More often, a person is placed under a psychiatric hold as an involuntarily commitment. This can be because a family member or doctor has witnessed troubling behavior or as a result of a law-enforcement incident. Each jurisdiction may have a different procedure one must follow to commit an adult, but some sort of evidence is usually required. A court's approval is usually required when a person wants to commit a member of his family.

In most places, a psychiatric hold isn't something that is taken lightly. In order to detain a person against his will, a psychiatrist must believe that the person represents an immediate threat to himself or others. For example, if he is likely to commit suicide or kill another person, this might prove reason enough to detain him. Likewise, if a person's mental health problems are so serious that he can't properly take care of himself or seek assistance for his own survival, this may prove a reason for detainment as well.

Hospitals and mental health facilities are not usually allowed to detain a party indefinitely. Instead, they are typically required to release a patient after a 72-hour involuntary hold. Sometimes, however, these holds are extended to 14 or 30 days. The patient may have a right to a court hearing to determine whether or not a long-term hold is justified.

The Health Board is dedicated to providing accurate and trustworthy information. We carefully select reputable sources and employ a rigorous fact-checking process to maintain the highest standards. To learn more about our commitment to accuracy, read our editorial process.
Nicole Madison
By Nicole Madison
Nicole Madison's love for learning inspires her work as a The Health Board writer, where she focuses on topics like homeschooling, parenting, health, science, and business. Her passion for knowledge is evident in the well-researched and informative articles she authors. As a mother of four, Nicole balances work with quality family time activities such as reading, camping, and beach trips.

Related Articles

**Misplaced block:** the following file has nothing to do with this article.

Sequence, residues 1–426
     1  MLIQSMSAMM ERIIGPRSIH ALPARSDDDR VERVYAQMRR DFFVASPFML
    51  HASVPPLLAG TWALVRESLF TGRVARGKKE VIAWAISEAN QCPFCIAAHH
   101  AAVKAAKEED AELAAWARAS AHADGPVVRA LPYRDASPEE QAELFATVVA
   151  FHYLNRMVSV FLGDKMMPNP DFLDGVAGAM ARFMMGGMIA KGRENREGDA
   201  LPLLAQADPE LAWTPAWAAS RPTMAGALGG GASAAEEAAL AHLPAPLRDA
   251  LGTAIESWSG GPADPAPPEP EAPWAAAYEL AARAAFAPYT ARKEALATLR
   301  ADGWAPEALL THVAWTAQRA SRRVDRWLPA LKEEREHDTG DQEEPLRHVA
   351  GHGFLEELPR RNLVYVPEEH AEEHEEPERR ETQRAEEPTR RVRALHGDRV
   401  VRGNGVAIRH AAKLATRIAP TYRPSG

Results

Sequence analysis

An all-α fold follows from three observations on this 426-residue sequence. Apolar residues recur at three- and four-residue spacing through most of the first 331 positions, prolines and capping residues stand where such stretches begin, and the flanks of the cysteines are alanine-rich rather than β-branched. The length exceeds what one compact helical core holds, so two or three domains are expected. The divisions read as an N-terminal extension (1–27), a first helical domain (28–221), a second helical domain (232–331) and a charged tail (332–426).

Discussion Comments
By anon998893 — On Sep 16, 2017

Some states take people to jail for a psychiatric hold, then not only must one pay bail to get out, they also must submit to quack doctors in the jail.

By SarahGen — On May 02, 2014

@serenesurface-- There is also something called outpatient psychiatric hold, where the patient is treated in a community center rather than at a hospital.

When people think of psychiatric hold, they imagine someone being forcefully locked up in a treatment center but that's not the case. There are people under psychiatric hold who are treated under much more relaxed conditions.

By serenesurface — On May 01, 2014

@fBoyle-- Of course, it's not as easy as it appears in films and TV shows. If someone has been admitted into a psychiatric ward by a court order, I think he again has to be released by a court order. So the court has to decide with testimony and evidence from doctors that this individual can live without supervision.

It's not easy to admit an individual into psychiatric hold and it's not easy to take him or her out of it. Before someone is fully admitted, there is usually temporary hospitalization or evaluation at a mental health facility to determine whether this person needs to be under psychiatric hold.

By fBoyle — On May 01, 2014

On TV shows, characters under psychiatric hold against their will are often shown trying to convince doctors that they have recovered and can be released. I'm sure the procedures to get a release from a psychiatric hold in real life are much more difficult.

Does anyone here know what needs to happen for someone to be allowed to leave?

Nicole Madison
Nicole Madison
Nicole Madison's love for learning inspires her work as a The Health Board writer, where she focuses on topics like...
Learn more
The Health Board, in your inbox

Our latest articles, guides, and more, delivered daily.

The Health Board, in your inbox

Our latest articles, guides, and more, delivered daily.